Skip to content

“Evening and Morning” WS 782; LSB 726


For most, the turning of the year is a time of personal reckoning. We look at where we have been, where we are now, and where we hope to be in the future. Often, this yearly appraisal can be discouraging because we notice how many things we have either left undone or done poorly in the previous year, and we are hesitant to believe the next will be any improvement. Our God promises, however, that whether past, the present, or future; He is there to bless us with His love.

From the pen of the German hymn writer Paul Gerhardt come many of the most loved and widely used Christian poems. His hymn of trust, “Evening and Morning,” is classic Gerhardt and very appropriate for singing at New Year. The stanzas found in modern Lutheran hymnals direct our attention to God’s love for us:

In the Past

Isn’t it true that without the hand of God actively working in our lives, none of us ever would have survived the past year? Every evening and morning, Sunset and dawning, He has been there to supply everything we need for this body and life. Wealth, peace, and gladness, Comfort in sadness—these are His works that He has done for us because He is our dear Father in heaven. “He has given me my body and life . . . my mind, and all my senses and still keeps them for me” (Small Catechism, Article I). Surely times without number we have been preserved from danger, dangers which we usually did not even notice!

In the Present

In the “now,” we always need the Gospel of Christ. For we daily sin much, and our repentant hearts repeatedly look heavenward for reassurance of forgiveness and peace with God. The hymn’s second verse brings this prayer to the Lord: Father, oh, hear me, / Pardon and spare me; / Calm all my terrors, / Blot out my errors / That by Your eyes they may no more be scanned. Can He answer this prayer right now, today, in this new year? For the sake of the suffering, death, and resurrection of His Son Jesus Christ,
He most certainly does hide His face from our sins and blots out all our iniquities (compare Psalm 51:9). “When we were overwhelmed by sins, you forgave our transgressions.”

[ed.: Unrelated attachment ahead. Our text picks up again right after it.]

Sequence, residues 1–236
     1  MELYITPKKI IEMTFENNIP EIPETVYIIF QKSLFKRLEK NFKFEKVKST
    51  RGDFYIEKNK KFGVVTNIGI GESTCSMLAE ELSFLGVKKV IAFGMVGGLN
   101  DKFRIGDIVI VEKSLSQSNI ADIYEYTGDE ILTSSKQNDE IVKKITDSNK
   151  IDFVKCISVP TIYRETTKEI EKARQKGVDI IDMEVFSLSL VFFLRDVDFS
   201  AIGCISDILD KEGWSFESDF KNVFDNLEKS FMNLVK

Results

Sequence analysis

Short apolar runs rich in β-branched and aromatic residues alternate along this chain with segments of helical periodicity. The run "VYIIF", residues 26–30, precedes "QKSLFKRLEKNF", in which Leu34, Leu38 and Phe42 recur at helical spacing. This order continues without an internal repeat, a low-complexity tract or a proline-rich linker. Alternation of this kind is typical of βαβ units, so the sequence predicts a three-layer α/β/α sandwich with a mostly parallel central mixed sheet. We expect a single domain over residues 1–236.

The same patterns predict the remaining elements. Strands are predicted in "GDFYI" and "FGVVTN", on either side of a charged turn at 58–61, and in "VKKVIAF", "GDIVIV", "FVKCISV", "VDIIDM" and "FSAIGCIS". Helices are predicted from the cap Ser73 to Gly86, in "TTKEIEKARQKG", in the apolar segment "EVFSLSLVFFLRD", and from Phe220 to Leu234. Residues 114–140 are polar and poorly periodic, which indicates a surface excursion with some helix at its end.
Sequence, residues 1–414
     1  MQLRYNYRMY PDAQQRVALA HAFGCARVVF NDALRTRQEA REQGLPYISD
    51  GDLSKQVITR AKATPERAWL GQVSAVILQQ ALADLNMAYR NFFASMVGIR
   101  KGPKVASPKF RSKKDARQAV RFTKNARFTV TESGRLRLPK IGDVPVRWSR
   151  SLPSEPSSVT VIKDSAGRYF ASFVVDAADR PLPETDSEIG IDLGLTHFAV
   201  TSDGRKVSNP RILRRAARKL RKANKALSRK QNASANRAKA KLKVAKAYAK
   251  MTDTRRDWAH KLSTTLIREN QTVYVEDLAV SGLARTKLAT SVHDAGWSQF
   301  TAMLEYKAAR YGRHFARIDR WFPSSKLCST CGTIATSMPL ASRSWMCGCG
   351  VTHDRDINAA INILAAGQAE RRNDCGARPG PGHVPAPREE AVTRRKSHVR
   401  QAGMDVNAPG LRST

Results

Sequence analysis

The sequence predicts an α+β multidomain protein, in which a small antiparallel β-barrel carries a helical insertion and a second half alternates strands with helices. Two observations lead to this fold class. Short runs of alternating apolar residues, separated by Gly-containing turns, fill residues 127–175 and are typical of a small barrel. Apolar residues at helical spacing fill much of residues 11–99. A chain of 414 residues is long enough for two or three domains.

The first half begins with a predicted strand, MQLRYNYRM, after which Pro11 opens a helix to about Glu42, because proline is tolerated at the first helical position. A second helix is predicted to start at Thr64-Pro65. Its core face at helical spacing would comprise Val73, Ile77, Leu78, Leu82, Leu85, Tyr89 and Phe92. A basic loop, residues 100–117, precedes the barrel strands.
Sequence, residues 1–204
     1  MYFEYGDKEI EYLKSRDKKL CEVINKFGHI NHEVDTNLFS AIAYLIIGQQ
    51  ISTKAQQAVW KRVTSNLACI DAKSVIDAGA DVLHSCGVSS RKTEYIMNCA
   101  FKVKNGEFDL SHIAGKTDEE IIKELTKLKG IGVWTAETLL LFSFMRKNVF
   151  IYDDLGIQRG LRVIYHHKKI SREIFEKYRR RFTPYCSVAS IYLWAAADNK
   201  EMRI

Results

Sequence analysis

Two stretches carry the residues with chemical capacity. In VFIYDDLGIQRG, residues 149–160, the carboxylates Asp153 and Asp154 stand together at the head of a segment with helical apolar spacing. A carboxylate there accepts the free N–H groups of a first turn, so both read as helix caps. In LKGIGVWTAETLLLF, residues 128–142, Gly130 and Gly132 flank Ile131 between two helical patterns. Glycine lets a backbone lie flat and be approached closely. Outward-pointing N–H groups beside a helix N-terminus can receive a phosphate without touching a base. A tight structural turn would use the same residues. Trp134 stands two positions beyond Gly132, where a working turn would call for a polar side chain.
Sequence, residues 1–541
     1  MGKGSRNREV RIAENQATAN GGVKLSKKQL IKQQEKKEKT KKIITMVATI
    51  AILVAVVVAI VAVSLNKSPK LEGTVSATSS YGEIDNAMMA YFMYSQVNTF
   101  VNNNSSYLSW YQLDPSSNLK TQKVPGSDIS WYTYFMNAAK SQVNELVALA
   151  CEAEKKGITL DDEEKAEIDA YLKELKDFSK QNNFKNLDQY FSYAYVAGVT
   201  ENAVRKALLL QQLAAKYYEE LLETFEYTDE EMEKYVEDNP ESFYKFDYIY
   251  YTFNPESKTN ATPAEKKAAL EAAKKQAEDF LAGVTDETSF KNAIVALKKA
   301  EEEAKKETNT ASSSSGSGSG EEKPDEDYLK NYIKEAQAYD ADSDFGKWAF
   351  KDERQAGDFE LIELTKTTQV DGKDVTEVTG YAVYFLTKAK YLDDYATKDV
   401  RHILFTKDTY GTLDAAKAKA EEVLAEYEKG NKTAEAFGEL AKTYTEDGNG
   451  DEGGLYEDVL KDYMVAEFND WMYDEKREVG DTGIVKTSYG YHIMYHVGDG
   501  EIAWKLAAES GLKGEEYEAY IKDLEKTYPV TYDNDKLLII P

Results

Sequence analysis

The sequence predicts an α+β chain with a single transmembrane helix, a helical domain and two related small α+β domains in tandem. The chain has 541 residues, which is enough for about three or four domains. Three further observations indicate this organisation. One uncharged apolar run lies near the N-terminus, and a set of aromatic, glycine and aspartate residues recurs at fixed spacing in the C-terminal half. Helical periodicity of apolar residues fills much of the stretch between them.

(Psalm 65:3 NIV84)

In the Future

What will the coming year bring? If it brings sorrow, we have the assurance of Psalm 30:5, “Weeping may remain for a night, but rejoicing comes in the morning.” (NIV84). Gerhardt captures this in his third verse: Ills that still grieve me / Soon are to leave me; / Though billows tower / And winds gain power, / After the storm the fair sun shows its face. If we are weeping, will tomorrow be the end of it, or the next day? God knows best, but we are confident that even if grief should trouble us all this next year, soon will come the eternal day when all storms shall cease. My joys increasing, / My peace never ceasing, / These I shall treasure / And share in full measure / When in His mansions God grants me a place.

God is with you evening and morning! Praise to Him who forgives our past, strengthens us in the present, and guards our futures—every year and into eternity. “The Lord will watch over your coming and going both now and forevermore.” (Psalm 121:8 NIV84).

David Schaller is pastor of Redeemer Evangelical Lutheran Church in Sister Lakes, Michigan. He also prepares the “Bread of Life” devotions for the Lutheran Spokesman.